FHA mortgages require a one-time upfront fee for mortgage insurance and annual mortgage insurance premium payments, spread out over your monthly mortgage payments. Unlike conventional PMI, where the exact costs vary based on your credit score, the costs for FHA mortgage insurance premiums are the same for all FHA borrowers.

Currently, FHA borrowers pay 1.75% upfront, and then between 0.45% – 1.05% annually, depending on the size of the downpayment and the loan term, or length of time they’ll be paying back the mortgage. It’s not an insignificant expense, though again, if a low-downpayment mortgage is the only way you can afford to purchase a home, the extra expense may well be worthwhile.

How Long Do I Have to Pay Mortgage Insurance?

Good news for conventional mortgage borrowers: PMI doesn’t last forever. After all, once you’ve built some equity in your home, the risk goes down for your lender. You can build equity in your home by paying down the principal on your mortgage, or if your home’s value increases.

Once your loan balance gets down to 80% of the original cost of your home, your lender has to cancel your PMI obligations if you ask them to. If you aren’t paying attention and don’t ask about it, the lender is required to cancel the PMI bill on their own once the balance is under 78%. (Still, the lesson here: keep track of your loan balance and avoid paying more PMI than you have to pay.)

Now, some not-as-great news for FHA borrowers: if you finance more than 90% of the cost of your home—and most FHA borrowers do—your mortgage insurance premiums stick around for the duration of the loan. You’ll pay mortgage insurance as long as you’re paying that mortgage, well past the point at which you’ll have built up significant equity in your home. To get rid of the expense of mortgage insurance on an FHA loan, you’ll either need to refinance or pay off the mortgage.

What’s This I Hear About LPMI, or Lender-Paid Mortgage Insurance?

With LPMI or Lender-Paid Mortgage Insurance, a lender allows a borrower to avoid making monthly PMI payments in exchange for a slightly higher interest rate on the mortgage. That’s right, folks. It’s possible to get a mortgage with less than 20% down from a regular, conventional lender, with no PMI.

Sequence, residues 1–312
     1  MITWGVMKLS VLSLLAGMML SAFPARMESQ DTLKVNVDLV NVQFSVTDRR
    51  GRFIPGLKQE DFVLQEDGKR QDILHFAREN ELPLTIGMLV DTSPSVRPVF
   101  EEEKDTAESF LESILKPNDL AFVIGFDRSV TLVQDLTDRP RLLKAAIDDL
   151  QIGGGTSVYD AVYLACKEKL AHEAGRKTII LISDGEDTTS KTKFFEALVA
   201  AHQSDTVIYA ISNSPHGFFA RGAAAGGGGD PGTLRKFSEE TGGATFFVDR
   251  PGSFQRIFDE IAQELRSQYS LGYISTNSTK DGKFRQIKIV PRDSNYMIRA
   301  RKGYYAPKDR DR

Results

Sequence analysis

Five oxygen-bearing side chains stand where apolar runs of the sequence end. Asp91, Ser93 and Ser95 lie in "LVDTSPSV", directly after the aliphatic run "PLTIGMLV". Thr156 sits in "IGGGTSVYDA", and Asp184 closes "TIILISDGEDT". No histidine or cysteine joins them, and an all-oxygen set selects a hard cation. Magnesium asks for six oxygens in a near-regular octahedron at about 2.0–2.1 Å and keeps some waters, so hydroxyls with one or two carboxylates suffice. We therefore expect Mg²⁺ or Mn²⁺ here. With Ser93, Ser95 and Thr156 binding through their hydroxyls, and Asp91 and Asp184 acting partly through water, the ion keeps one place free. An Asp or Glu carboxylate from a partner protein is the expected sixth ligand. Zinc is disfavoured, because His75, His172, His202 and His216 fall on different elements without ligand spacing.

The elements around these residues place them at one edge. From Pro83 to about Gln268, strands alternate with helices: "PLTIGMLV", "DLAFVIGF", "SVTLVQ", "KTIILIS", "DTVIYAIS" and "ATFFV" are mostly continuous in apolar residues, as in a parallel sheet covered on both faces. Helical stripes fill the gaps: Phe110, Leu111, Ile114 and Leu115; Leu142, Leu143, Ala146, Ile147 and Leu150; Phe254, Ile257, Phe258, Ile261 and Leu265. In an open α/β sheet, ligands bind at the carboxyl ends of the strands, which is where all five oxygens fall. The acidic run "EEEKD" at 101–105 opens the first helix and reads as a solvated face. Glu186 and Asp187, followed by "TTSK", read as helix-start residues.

Now, not all mortgage lenders offer LPMI—typically, lenders reserve LPMI options for especially well-qualified borrowers. But LPMI can potentially save borrowers money on their monthly mortgage payments. With LPMI, a higher interest rate will likely mean a higher base monthly payment, though the monthly payment with the higher interest rate is usually less than a lower interest monthly payment plus the expense of regular PMI. And, as an extra bonus, a comparatively lower monthly payment without PMI could also mean qualifying for a larger mortgage. It could make the difference between being able to afford the house of your dreams, or being just short of the target.

LPMI can also potentially have some tax advantages. In years past, PMI has been tax deductible for many low- and middle-income borrowers, but not for higher income borrowers. (This may be a moot point, going forward: Congress hasn’t extended the PMI tax deductions for tax year 2018—though there was a last-minute extension for tax year 2017, so anything’s possible.) Mortgage interest, on the other hand, is still tax deductible for filers who itemize their deductions. And that means for some borrowers, a higher interest mortgage with LPMI could be worth a little more money come tax time.

Now, the downside to LPMI: regular, boring PMI eventually goes away. Your higher interest rate won’t. By accepting a higher interest rate to avoid PMI, you’re keeping that same, slightly higher interest rate for the duration of your mortgage. Still, the extra interest could be well worth it, depending on your situation as a borrower.

Remember, PMI and mortgage insurance aren’t a bad thing: mortgage insurance allows people who might otherwise be unable to buy a home to become homeowners. As with all mortgage expenses, when it comes to PMI, it’s important to be sure you understand what you’re paying for and why before you finalize your mortgage. (And if you’re ready to see what kind of mortgage you qualify for, we’re here to help.)